Monk’s Trail – Hike to Wat Pha Lat Jungle Temple


Thailand is a country where you can easily get “templed out” but how about hiking through jungles of Chiang Mai, following orange robe pieces tied to trees, on Monk’s Trail to surrender to tranquil of Wat Pha Lat? A hidden temple in the exotic jungle surrounded by panoramic views and pristine waterfalls. The temple is away from the chaos primarily used by monks to meditate.

A temple enveloped by jungle with monks around
A temple enveloped by jungle with monks around


Wat Pha Lat – A Temple Tucked in Jungles of Chiang Mai

Popularly known as “Monk’s Trail”, the temple silently sits atop a rock with stunning views of Chiang Mai. The temple translates to “Monastery at the Sloping Rock” in English, was constructed in the year 1355 by King Kuena.

Before the 13th century, monks visited Doi Suthep temple walking through the trail, ascending and descending the mountains. The temple was built as a rest point for pilgrimage and monks en route Doi Suthep Temple perched atop the hill.

Figurines welcoming to Wat Pha Lat  Temple
Figurines welcoming to Wat Pha Lat Temple

The roads were built mid of 19th century that connected Doi Suthep temple conveniently with vehicles, changing the significant role played by Wat Pha Lat. Ever since, the temple is used as a meditation centre for monks.  The trail, the landscape and the peaceful temple, everything looks well orchestrated, bestowed by the abundance of nature.

Temple Enveloped in nature and hidden deep in jungle
Temple Enveloped in nature and hidden deep in jungle

The stairs at the entrance of the temple are consciously embraced by nature, the walls dressed in stems and roots and traditional statues on either side ascending up the stairs. True to all my senses, nature has enveloped the temples and blossomed through every creek, corner and ruins.

The Dragon stairs to the temple
The Dragon stairs to the temple

As you walk up the stairs, towards the right, is the temple complex. The pagodas and cluster of mini temples, walls carved with elephant heads, figurines influenced by Thai mythology, creepers taking over walls, wooden bridges over shallow flowing water and stream of slippery waterfall on the rock – all of these makes the place an abstract introspection, of how all of this was architected so perfectly and glorified further with sorcery cast by nature.

The statues embraced by nature
The statues embraced by nature

On entering the temple, the dragon adorned stairs leading to the slippery waterfall on the rocks is phenomenal. Such intricate architectures dating back to bygone centuries, it is hard to even slide through the perspective in place.

Some Glimpses of the Wat Pha Lat

How to Reach Monk’s Trail?

End of Suthep Road - Take the right and walk towards "Nature Phalad Trail"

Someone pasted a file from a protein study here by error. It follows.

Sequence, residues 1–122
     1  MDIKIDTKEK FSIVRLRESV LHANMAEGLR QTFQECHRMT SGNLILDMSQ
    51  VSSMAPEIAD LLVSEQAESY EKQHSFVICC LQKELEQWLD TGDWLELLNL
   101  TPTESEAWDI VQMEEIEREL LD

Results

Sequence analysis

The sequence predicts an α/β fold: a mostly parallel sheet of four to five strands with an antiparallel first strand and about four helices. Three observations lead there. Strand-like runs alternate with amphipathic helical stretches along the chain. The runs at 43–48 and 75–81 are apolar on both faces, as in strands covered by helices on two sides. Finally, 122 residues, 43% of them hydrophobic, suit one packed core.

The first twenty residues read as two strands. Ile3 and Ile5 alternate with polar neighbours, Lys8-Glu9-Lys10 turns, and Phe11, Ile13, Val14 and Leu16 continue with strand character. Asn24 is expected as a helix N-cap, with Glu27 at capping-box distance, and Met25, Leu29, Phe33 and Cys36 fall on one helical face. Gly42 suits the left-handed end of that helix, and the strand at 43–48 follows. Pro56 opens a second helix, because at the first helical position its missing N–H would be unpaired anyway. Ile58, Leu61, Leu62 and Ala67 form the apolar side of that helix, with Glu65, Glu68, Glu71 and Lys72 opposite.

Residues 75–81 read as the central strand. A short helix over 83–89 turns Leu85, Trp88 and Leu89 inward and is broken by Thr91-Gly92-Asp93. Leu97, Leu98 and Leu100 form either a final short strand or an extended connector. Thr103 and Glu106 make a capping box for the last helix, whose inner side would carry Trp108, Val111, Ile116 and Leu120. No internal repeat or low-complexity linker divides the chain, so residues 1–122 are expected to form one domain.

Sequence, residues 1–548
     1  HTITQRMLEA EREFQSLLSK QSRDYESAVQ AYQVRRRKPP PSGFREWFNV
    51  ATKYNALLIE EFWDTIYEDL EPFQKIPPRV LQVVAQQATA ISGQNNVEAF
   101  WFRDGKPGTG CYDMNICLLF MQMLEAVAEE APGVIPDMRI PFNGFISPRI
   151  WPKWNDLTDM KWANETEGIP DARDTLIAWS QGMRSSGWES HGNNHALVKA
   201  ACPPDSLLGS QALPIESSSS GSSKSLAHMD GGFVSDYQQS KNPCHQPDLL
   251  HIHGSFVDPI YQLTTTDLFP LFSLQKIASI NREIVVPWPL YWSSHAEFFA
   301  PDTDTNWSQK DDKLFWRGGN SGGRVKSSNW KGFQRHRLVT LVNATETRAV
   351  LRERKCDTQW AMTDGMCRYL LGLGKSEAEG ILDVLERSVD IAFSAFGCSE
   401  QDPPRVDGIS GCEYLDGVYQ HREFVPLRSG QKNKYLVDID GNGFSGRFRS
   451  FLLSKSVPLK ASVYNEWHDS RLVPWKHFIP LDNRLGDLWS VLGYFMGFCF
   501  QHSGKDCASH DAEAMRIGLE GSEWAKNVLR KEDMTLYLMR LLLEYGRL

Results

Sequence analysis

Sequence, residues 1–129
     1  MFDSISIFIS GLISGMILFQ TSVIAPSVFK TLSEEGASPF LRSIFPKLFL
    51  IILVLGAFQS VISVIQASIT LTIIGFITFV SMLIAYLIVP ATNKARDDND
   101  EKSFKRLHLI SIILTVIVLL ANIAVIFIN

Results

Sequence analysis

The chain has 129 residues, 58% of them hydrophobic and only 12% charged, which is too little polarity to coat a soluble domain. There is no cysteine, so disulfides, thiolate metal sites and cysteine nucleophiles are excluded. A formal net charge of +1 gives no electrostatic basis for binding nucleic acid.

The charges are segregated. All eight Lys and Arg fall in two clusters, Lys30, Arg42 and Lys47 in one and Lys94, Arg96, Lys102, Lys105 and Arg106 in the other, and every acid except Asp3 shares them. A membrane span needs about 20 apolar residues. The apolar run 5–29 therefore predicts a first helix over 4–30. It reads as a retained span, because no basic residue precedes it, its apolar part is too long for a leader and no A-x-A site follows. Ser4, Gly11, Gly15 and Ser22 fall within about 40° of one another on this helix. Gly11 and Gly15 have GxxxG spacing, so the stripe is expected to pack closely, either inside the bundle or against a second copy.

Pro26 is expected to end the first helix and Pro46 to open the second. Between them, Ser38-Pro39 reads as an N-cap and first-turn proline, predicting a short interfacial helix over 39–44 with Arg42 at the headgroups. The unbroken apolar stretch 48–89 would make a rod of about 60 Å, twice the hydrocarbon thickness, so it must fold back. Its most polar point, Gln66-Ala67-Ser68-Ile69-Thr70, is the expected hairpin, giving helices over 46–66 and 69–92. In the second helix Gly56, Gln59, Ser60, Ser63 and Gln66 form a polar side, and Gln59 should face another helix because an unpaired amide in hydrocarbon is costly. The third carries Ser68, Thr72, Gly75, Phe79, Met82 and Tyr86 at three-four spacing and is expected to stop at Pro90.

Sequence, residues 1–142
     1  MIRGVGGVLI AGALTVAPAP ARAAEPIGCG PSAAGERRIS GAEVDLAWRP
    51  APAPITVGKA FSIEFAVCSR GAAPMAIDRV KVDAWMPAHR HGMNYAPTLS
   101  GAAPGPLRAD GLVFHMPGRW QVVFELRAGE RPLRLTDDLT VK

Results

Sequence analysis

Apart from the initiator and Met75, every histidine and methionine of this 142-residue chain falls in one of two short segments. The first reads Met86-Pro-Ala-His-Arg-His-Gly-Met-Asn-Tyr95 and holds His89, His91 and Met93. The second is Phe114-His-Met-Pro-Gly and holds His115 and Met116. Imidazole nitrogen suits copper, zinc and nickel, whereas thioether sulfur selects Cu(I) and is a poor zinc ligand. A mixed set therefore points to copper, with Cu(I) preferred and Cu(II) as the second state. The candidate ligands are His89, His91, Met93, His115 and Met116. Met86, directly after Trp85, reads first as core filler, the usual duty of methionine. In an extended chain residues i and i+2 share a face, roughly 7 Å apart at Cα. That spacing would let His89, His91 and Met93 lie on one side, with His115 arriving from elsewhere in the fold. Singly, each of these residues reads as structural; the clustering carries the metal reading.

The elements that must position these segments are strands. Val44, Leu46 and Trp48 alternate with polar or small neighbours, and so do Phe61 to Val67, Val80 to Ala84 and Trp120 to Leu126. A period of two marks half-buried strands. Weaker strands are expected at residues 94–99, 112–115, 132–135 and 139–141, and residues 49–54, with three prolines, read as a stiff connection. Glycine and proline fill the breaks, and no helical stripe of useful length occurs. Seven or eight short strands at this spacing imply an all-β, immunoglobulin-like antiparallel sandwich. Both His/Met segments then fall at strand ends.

End of Suthep Road – Take the right for Monk’s Trail

The temple can be visited well within budget either using Grab Taxi or a songthaew (Red Taxi).

  • Hail a songthaew and ask them to drive you to the end of the Suthep Road. The end of the Suthep Road is close to the main gate of Chiang Mai University. Most of the Songthaew drivers confuse and drive you to the main entrance of Doi Suthep Temple make sure to give them the directions appropriately.
  • The second way to reach there is by calling a “Grab Taxi” and you can use the destination as “DCondo Campus Resort” or “Wat Pha Lat Hike”.
Keep walking till you reach these green boxes - Start of trail
Keep walking till you reach these green boxes – Start of trail

Once you have reached the end of Suthep Road, you will notice a couple of signboards pointing towards “Chiang Mai Zoo” or “Nature Trail Phalad“. Keep walking towards that direction until you reach an intersection. Keep towards the left and keep walking on the inclined path till you see the entry for the trail, marked by two green hut shaped boards.

The routes marked by such orange pieces
Monk’s Trail marked by such orange pieces

After walking through past the boards, the trail is pretty much marked with orange monk robe pieces tied to the trees. The trail is straight and well marked. Keep following the trail until you reach the temple, there is no intersection.

The temple hidden in nature
The temple hidden in nature

Things to Know about the Place

  • As you hike through the Monk’s Trail, you pass through 5 translational zones differing in their pattern of forest formation. The hike starts with Dipterocarp forest which translates into the evergreen forest surrounding the temple as you ascend the hill. The Dipterocarp plants shed their leaves during the dry season but trees of evergreen forest always stay green, never shedding their leaves.